After months of hearings and negotiations, millions of dollars in attack ads, full-court press lobbying efforts and countless rounds of negotiations, Congress appeared to be moving toward a solution to the nation’s surprise medical bill problem. Sort of.
Surprise bills, the often-exorbitant medical bills that come when a patient doesn’t realize they’ve been seen by a provider outside their insurance network, have in recent months been viewed as public enemy No. 1 on Capitol Hill.
Two committees, the Senate Health, Education, Labor and Pensions (HELP) Committee and the House Energy and Commerce Committee, have been working on plans and announced a compromise Dec. 8. Later that week, the House Ways and Means Committee followed suit by announcing its solution, though details are few.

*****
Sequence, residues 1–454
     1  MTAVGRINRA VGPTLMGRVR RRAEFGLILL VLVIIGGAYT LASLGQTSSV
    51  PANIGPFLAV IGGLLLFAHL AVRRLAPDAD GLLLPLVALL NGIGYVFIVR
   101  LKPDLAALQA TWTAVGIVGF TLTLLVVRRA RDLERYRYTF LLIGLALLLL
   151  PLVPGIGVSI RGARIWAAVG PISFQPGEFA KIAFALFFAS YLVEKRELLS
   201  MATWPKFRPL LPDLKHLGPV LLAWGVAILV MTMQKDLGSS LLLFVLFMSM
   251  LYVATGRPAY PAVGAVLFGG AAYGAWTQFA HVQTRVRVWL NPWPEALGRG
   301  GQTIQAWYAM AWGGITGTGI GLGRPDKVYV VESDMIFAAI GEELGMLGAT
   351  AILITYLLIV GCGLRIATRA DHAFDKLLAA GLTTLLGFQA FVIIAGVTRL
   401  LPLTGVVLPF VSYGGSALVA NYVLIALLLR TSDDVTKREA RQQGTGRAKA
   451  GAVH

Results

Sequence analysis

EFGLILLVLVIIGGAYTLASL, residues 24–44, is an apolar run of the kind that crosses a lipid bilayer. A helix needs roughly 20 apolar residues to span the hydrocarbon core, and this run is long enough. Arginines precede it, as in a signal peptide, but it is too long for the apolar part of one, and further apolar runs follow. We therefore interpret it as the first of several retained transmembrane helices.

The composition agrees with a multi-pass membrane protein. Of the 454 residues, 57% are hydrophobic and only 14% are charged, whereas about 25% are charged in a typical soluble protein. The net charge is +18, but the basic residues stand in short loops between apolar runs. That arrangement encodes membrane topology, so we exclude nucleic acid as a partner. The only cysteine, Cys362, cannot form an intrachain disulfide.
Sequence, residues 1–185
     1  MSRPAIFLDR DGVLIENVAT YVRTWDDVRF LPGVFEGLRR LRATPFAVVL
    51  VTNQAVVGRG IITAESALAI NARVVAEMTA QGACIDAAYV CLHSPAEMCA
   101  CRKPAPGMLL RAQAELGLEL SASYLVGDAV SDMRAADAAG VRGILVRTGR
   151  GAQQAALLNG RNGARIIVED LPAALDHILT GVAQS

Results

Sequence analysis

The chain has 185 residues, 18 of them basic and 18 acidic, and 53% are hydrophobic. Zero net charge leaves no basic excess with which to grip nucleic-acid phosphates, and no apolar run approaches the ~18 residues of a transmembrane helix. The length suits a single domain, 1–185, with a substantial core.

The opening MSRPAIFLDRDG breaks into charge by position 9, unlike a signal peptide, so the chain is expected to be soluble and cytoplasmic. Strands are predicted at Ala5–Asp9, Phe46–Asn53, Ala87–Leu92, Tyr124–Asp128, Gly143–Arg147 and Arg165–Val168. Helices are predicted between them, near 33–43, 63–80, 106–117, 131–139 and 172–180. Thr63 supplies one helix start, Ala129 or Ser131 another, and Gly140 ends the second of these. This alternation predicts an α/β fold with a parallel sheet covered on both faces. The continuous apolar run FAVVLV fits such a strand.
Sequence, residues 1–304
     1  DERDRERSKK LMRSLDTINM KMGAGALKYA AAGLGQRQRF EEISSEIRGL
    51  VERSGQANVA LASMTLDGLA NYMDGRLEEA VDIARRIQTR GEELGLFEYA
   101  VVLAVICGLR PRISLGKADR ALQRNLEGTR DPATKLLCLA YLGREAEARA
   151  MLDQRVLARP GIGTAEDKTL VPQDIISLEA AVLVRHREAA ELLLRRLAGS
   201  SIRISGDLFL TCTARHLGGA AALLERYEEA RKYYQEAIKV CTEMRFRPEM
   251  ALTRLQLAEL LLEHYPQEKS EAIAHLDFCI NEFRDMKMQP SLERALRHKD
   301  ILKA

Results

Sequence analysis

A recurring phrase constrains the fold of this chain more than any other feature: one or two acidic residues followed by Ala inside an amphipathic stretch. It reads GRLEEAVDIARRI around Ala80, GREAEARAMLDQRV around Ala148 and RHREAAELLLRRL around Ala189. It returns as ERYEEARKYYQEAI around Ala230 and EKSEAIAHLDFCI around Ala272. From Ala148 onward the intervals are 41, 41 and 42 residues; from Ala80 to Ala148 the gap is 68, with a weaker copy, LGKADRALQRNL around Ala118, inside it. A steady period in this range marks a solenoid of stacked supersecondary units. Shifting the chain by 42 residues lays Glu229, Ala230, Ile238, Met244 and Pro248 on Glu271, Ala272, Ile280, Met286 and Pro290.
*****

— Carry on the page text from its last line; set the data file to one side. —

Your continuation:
It’s been a heavy lift for lawmakers in both parties who are trying to balance the competing needs of powerful stakeholders, factions within their ranks and consumers stuck with high bills. With an election year fast approaching and polls consistently showing health care costs are a high priority for voters, the push for action has intensified.
Despite the rushed way some committee members announced the agreement Dec. 8 — issuing a press release on a Sunday before any official bill text was released — it’s now unlikely that Congress will consider the package before it wraps up work for the year.